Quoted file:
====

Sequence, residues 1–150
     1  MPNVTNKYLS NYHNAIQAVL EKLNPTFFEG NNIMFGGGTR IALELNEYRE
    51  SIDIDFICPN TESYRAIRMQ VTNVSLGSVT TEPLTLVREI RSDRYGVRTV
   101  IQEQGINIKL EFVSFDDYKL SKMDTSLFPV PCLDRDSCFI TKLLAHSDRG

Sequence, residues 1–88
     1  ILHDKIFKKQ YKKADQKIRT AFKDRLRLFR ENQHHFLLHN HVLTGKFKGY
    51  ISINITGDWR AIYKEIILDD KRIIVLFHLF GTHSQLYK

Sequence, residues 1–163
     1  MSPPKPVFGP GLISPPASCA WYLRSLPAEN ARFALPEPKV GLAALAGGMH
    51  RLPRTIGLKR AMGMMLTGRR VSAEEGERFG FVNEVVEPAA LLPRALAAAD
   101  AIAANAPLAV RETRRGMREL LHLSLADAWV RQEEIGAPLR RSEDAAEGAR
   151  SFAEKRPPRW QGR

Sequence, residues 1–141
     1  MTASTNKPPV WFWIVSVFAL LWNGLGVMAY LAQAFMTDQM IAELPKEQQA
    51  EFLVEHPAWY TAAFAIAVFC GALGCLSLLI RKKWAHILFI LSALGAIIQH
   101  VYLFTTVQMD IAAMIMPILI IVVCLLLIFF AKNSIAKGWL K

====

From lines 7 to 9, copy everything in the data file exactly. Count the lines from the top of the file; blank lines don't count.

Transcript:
    51  ISINITGDWR AIYKEIILDD KRIIVLFHLF GTHSQLYK

Sequence, residues 1–163
     1  MSPPKPVFGP GLISPPASCA WYLRSLPAEN ARFALPEPKV GLAALAGGMH